He justifies taking an outside job, since it “enables one to acquire technology or knowledge, or develop personal contacts or non-remunerative assets that one could not obtain from one’s regular position.”

Meanwhile, Shukan Post (Nov. 6-13) looked at the increasing desperation of airline cabin attendants, who have fallen on difficult times due to the pandemic.

“Our bonus last summer was cut by two-thirds, and will drop to zero this winter,” one cabin attendant in her 30s told the magazine. “Since my home mortgage has a provision for boosted payments at the time of the two annual bonuses, it’s become a major headache. I’ve used the company credit union to borrow ¥1 million, but it looks like I’ll have to moonlight for a while.”

Last April, Jetstar Japan, a low-cost carrier affiliated with Australia’s Qantas airlines, gave employees the green light to seek outside employment. Some of those with certification as a childminder have started working at nursery schools.

A spokesperson for Japan Airlines tells Shukan Post the company permits employees to take on outside jobs as long as it doesn’t interfere with their main work.

“Some have taken jobs at rest homes or nurseries, which pay them directly,” he is quoted as saying.

All Nippon Airways, however, has adopted a stricter position.

“Advance permission must first be obtained from three managers, so the hurdles are high,” a spokesperson says. “Work schedules for any given month are not notified until the 26th of the previous month, and there are also many cases where they are on standby, so it’s difficult for them to take jobs for another company.”

“Traditionally — and, in some cases, even now — a company’s rules of employment treated fukugyō as grounds for dismissal, or initially strict punishment,” says Tom Nevins, founder and chief consultant at TMT, a labor consulting company. He added that in the past some companies required an employee to obtain permission and provide the name of the secondary employer.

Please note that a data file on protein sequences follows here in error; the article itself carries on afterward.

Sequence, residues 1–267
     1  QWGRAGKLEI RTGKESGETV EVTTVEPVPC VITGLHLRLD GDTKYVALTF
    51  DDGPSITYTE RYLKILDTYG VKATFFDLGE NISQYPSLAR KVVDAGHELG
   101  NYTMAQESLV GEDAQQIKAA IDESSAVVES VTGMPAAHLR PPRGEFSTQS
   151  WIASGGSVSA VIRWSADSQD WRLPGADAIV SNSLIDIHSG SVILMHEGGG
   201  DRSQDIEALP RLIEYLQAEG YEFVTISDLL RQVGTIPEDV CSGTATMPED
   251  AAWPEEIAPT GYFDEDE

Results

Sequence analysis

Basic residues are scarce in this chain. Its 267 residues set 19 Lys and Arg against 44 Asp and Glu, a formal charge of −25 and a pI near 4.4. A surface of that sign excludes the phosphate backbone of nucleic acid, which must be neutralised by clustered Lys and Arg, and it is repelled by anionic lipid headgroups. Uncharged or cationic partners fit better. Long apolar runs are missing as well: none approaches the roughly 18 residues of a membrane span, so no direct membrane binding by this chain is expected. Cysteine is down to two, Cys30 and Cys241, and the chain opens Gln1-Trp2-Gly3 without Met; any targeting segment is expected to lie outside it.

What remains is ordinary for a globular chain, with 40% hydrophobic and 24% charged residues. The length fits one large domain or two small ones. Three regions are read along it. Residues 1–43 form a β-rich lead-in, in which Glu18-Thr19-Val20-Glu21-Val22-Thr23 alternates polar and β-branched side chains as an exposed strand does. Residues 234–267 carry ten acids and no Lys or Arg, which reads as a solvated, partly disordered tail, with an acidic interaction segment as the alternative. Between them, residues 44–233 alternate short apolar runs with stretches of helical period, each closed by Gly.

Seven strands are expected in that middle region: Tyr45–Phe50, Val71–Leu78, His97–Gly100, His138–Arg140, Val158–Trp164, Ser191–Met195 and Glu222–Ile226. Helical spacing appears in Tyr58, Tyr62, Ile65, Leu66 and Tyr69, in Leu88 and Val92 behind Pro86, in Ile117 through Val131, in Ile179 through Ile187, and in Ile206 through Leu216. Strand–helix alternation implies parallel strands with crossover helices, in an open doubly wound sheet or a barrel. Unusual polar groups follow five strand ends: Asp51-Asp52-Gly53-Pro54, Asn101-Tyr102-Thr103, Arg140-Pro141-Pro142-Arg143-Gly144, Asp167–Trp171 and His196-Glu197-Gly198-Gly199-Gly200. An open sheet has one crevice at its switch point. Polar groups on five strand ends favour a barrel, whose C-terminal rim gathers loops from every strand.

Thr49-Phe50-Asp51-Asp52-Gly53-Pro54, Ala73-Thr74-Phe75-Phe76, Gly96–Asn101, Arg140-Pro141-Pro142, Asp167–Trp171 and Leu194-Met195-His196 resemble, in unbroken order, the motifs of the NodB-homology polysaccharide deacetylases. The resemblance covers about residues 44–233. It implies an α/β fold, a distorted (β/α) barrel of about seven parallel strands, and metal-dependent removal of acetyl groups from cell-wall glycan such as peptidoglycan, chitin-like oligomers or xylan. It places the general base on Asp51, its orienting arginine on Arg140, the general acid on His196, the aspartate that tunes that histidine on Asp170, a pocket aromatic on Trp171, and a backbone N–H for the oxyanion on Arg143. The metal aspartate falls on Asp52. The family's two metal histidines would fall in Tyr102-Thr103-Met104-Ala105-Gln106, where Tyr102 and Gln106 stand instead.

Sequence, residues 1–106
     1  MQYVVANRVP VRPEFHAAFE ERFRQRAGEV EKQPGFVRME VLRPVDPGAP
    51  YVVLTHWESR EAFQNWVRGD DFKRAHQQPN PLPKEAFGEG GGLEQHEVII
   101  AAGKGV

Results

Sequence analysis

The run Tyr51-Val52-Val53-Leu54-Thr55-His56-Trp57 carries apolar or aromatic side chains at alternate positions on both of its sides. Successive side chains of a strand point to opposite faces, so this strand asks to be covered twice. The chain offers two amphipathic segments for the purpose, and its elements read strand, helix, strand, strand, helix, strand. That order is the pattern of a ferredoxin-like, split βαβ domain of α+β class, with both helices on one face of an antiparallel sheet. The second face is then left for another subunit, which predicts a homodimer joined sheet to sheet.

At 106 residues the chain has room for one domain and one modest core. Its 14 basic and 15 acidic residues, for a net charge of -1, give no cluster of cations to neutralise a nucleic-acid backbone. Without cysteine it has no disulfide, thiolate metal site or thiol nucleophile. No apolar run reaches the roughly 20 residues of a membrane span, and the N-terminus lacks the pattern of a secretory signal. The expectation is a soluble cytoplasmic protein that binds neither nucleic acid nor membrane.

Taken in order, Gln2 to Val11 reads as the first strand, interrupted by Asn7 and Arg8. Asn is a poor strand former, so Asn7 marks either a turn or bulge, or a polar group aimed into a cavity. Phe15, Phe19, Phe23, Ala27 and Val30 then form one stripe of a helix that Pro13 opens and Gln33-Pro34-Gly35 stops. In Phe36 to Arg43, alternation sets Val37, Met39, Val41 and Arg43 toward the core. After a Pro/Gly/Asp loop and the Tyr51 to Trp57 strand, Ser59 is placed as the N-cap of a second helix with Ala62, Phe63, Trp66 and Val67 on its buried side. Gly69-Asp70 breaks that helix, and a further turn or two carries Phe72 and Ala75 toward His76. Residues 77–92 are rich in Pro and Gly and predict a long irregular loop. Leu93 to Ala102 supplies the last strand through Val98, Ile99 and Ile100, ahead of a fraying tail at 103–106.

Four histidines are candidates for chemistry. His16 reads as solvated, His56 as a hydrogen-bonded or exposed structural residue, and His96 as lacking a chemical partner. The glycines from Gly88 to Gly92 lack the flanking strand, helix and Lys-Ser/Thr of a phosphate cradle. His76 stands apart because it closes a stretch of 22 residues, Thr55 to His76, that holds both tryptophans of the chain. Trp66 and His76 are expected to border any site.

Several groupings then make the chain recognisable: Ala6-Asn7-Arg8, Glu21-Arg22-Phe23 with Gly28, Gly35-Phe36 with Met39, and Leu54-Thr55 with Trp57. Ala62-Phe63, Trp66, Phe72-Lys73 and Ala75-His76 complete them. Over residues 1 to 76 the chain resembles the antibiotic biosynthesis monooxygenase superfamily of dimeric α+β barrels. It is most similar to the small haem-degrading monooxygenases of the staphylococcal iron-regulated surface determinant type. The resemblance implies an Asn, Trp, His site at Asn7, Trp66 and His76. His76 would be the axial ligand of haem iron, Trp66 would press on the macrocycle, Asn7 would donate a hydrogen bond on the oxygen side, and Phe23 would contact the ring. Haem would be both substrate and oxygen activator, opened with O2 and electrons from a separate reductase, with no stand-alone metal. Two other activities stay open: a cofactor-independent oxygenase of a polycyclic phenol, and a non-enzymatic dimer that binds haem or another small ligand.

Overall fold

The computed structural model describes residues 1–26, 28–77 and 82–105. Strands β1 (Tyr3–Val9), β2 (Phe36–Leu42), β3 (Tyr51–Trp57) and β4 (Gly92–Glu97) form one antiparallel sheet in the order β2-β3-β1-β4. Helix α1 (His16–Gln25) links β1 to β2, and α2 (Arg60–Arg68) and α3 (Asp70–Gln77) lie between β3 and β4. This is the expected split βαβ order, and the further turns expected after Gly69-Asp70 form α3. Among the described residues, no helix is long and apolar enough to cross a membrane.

“However, former Prime Minister (Shinzo) Abe himself encouraged companies to consider allowing moonlighting, and now it’s much less likely to see strong action taken against employees,” Nevins says, while pointing out that with the increase in term contract and part-time employment (about half of Japan’s workforce), “holding multiple jobs has become much more common.”

Even banks, which were always among the sticklers for strict working rules, have been changing their working conditions. Nevins highlights Mizuho Bank as being one of the most striking examples.

“The bank gives staff the option to work four days a week with a 20% pay cut, or three days a week with a 40% pay cut,” Nevins says. “So Mizuho allows its employees to take side jobs, and it appears quite a few of them are going for these options.”

Big in Japan is a weekly column that focuses on issues being discussed by domestic media organizations.